Stargazers watch Mercury cross the sun at Cranbrook

Kyla Smith
The Detroit News

Dozens of stargazers flocked to the Cranbrook Institute of Science on Monday to catch a glimpse of Mercury passing between Earth and the sun for the first time in 10 years.

“I have always been interested in astronomy,” said Josh Nedo of Waterford Township, who jumped at the chance to see the relatively rare crossing at the observatory. “My dad got me a telescope growing up and I watch any astronomy documentary I can find on Netflix. It’s fascinating to be able to see this in real time.”

The Michigan State University junior added: “If I was better at math, I would have majored in astronomy.”

Others turned to the internet, where NASA offered close-to-real-time images from the Solar Dynamics Observatory of the 7 1/2 hour trek, which resembled a black dot against the glowing star. Though it appeared to be trudging along, it actually was zooming past the sun at 106,000 mph.

Mercury a black dot as it crosses vast face of sun

Mercury, the smallest planet in the solar system and the closest to the sun, has an orbit of 88 days. The planet transits 13 times in a century. The next transit is November 2019, then it won’t happen again until 2032.

To keep observers from damaging their eyes from the sun, the Cranbrook Institute of Science used special filters for the viewing. Normally closed on Monday, Cranbrook opened for the transit event.

“You don’t need an expensive telescope to be able to view it, but make sure you have one that has the special sun filter,” said Marty Kunz, observatory technician at Cranbrook. “This isn’t my first mercury transit, but it’s exciting for me to see people that have never seen it before.”

Ashlie Smith, who teaches a conceptual physics course to eighth-grade girls at the Cranbrook Institute of Art, liked the hands-on learning.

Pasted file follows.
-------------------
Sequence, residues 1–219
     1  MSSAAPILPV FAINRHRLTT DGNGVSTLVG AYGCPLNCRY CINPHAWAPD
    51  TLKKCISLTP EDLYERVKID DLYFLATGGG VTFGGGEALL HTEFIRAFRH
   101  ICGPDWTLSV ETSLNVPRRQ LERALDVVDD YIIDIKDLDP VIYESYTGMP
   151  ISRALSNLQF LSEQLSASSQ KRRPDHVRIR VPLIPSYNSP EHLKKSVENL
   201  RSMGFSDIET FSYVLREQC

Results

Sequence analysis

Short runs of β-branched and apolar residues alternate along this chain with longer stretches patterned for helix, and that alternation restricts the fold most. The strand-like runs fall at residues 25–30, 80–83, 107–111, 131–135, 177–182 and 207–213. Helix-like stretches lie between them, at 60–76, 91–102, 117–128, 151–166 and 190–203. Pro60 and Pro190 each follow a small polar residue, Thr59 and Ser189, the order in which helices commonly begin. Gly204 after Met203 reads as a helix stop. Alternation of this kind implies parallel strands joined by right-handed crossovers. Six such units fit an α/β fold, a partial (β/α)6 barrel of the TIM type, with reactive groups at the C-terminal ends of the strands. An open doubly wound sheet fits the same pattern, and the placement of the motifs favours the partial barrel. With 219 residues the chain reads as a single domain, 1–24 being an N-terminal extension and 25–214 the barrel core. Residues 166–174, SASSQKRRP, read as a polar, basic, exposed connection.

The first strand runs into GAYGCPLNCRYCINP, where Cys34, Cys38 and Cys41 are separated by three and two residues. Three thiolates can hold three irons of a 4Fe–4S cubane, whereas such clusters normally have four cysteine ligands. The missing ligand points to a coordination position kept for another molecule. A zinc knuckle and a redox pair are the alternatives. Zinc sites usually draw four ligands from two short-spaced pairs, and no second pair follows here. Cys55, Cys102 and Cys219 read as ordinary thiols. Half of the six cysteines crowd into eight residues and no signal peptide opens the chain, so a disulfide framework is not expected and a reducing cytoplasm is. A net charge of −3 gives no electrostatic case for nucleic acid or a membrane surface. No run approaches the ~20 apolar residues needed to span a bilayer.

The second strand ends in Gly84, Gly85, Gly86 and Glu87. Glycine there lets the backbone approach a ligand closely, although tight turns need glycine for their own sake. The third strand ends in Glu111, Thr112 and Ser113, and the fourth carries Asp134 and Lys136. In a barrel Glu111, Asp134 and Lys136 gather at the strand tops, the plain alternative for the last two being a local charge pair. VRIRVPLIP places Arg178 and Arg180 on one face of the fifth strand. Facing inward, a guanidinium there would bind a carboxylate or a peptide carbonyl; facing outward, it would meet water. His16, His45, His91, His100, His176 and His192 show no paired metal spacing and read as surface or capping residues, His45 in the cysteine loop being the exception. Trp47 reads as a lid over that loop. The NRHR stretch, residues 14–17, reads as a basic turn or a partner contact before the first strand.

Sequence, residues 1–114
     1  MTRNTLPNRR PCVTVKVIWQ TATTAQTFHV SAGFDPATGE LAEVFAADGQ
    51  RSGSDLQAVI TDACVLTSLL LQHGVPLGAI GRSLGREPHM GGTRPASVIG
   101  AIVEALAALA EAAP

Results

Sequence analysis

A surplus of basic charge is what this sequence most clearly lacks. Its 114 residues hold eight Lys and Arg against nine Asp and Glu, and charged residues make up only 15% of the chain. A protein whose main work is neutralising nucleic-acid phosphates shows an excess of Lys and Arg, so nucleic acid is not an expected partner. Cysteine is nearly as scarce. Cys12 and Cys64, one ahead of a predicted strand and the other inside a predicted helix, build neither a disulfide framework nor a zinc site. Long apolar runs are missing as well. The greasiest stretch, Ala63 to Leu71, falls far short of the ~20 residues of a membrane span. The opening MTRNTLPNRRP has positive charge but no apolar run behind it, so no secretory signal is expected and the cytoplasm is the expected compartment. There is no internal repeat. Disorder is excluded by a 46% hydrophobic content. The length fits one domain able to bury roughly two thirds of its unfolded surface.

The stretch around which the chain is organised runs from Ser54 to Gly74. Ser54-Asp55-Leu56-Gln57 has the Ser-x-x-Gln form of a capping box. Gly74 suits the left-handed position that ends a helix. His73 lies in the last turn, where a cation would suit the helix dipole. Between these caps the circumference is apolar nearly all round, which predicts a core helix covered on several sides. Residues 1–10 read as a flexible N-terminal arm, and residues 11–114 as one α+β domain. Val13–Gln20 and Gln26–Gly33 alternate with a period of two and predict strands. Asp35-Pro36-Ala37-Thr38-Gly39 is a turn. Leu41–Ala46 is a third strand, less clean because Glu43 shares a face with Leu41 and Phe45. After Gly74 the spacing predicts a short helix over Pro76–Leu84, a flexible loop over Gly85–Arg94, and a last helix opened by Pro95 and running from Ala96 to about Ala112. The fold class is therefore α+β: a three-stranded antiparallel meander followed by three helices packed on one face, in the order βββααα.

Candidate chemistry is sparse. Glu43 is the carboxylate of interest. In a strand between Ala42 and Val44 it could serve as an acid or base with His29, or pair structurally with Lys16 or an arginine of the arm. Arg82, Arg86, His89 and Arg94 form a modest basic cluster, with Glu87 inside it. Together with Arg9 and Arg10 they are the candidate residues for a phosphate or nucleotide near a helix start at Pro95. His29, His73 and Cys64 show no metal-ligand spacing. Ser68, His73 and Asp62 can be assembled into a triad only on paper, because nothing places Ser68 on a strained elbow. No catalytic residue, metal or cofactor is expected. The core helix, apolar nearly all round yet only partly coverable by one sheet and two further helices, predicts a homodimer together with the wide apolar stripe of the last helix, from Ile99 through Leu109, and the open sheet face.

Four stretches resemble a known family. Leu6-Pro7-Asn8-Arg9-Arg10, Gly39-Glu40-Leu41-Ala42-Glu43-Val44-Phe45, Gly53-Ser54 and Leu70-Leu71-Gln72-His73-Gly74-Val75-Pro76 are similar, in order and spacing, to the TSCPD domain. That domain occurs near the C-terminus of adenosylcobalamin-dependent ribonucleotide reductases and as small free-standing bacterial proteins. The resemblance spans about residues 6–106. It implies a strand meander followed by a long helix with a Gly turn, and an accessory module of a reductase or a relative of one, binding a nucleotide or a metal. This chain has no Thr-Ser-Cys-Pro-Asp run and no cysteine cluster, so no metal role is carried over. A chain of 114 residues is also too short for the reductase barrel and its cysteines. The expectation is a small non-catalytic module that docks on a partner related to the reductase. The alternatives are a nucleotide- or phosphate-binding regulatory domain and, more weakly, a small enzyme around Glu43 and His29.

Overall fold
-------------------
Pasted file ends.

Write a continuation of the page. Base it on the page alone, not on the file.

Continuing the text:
“I love space science, so I thought this would be a great way to tie in physics and not be restricted to the classroom,” Smith said. “Plus, it gives the girls a chance to see the bigger picture and realize they are just a small blip in a huge universe.”

Jordan Murrell was in awe as she took a long look through the telescope.

“This is so cool, Jordan, 14, said. “I went to space camp when I was in the fifth grade, so I have always been interested in science. I like that we have resources like this on our campus to take advantage of.”

Michael Narlock, head of astronomy at the Cranbrook Institute of Science, hopes people take advantage of chance to view the transit.

“What is special about this discipline is that you don’t need an expensive lab, you only need a couple of telescopes or binoculars and the naked eye,” said Narlock, who grew up stargazing in Arizona. “Many civilizations based their way of life from the sky and the planets. Astronomy and events like this gives us a way to reconnect with the universe.”

(313) 222-1855


The Associated Press contributed to this article.

If you go:

May 14

Cranbrook Institue of Science

■39221 Woodward Avenue, Bloomfield Hills, MI 48304

■1 p.m.- 4p.m.

Free with admission to the museum